• Director: James Williamson
  • Year: 1901
  • Runtime: 5m
  • Available on YouTube

I am pleased to report that the first film to link together multiple shots into a narrative is an action-packed stunt spectacular set on the South coast of England.

It’s on the shorter side of action movie length, coming in at 5 minutes, but it makes the most of each of those minutes.

Except, it has to be said, minute number two.

At the end of minute one, Williamson has wasted no time in getting us to the action. A policeman has discovered the fire and the fire department has sprung into life and is bringing out carriage number one. What is on this carriage?

It’s a ladder! An excellent idea!

Then we see the preparation of carriage number two. This time there’s a horse! That seems smart. Gets them to the fire quicker. What are we bringing on this carriage, though?

Oh. It’s another ladder.

OK, we get it. There are horses. We’re using ladders. Let’s get back to the fire!

Instead, we cut to another horse (actually two this time).

This, I think, was a major mistake in pacing from our director. It feels like he had the horses and he wanted to use them without stopping to ask himself if they added anything to the narrative.

In his defence, the horses are pulling a carriage full of men this time, so there is a nice little twist there but in my humble opinion this is not enough of a change to justify this additional preparation scene.

It is minor critique, though, and Williamson gets us back on track with a high speed chase down the high street, and then we get to the real human drama.

We find ourselves in a smoke filled, claustrophobic room and the juxtaposition between this and the open street we just witnessed is a masterclass in editing. You can feel the smoke trapping you. Top marks.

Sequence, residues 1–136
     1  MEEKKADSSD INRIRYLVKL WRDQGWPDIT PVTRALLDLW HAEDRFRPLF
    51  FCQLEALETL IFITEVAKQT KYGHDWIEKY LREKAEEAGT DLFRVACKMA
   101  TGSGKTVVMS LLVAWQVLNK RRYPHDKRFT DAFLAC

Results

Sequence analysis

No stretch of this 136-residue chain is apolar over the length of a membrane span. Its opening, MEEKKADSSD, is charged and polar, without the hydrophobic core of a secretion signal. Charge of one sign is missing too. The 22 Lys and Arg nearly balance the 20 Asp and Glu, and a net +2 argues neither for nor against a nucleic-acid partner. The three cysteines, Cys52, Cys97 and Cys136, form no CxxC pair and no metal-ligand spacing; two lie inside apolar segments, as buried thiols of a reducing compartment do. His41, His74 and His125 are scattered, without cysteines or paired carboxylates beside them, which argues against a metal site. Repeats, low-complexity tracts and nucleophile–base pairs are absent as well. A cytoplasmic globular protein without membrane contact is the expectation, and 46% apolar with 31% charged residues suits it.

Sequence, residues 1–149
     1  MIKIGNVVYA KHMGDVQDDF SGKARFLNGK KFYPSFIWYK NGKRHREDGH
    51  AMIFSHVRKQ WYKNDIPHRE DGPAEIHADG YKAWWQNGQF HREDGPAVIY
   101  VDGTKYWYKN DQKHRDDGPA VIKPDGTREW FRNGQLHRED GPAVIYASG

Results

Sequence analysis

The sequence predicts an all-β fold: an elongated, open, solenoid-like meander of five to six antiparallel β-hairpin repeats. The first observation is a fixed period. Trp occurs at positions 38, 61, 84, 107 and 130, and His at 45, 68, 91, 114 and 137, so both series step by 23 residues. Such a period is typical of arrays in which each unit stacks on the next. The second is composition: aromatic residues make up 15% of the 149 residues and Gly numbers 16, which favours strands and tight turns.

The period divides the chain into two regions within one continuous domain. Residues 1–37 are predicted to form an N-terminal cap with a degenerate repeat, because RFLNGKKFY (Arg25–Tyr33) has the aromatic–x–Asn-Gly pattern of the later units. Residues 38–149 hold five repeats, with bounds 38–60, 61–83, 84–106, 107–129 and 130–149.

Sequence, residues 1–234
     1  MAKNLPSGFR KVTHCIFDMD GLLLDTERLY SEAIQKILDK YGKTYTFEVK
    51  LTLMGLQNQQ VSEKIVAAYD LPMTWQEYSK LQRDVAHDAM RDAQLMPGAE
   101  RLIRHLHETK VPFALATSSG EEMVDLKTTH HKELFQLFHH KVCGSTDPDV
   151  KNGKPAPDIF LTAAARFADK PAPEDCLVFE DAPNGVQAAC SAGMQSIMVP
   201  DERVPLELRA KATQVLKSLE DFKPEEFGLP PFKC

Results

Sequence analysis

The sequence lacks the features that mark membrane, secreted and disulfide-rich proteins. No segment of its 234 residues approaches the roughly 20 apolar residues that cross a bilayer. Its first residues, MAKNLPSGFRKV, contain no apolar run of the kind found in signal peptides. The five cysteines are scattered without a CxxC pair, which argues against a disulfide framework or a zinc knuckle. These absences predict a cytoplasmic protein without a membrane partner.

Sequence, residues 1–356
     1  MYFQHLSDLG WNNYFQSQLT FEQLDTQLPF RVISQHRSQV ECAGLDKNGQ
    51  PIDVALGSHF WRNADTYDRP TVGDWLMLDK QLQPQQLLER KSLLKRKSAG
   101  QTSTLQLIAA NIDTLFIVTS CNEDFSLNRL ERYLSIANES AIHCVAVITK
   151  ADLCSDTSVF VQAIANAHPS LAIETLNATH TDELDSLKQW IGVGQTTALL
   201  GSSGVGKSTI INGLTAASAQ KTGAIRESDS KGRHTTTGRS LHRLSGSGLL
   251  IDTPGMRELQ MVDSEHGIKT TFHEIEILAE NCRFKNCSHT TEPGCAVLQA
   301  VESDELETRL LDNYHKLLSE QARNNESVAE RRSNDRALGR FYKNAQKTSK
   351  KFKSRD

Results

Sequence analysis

Which makes the heroism of the Hove fire department, busting through windows, hosing down fires, and carrying out unconscious victims, all the more impressive. In my view, this scene is the real climax of the film.

Outside, we witness more rescues. The ladders, introduced at the end of minute one, are put to full use in minute four, which is satisfying.

Then there is a moment of levity when two of the occupants climb down the ladder to safety, completely forgetting about occupant number three who then has to jump out of the window onto a jumping sheet.

There’s no sound, unfortunately, but we can imagine them shouting “Hey, wait for me!”


Then it ends. The ending is rather sudden and we just have to assume that all the people we saw rescued was everyone that was in the house.

And also that the fire was eventually put out.

Other than the minor issues with minute two and the slightly unsatisfying ending, what we have here is an exceptional little movie. I have no doubt it had the turn of the century audiences on the edge of their seats. Highly recommended.

See more from my study of The History of Cinema.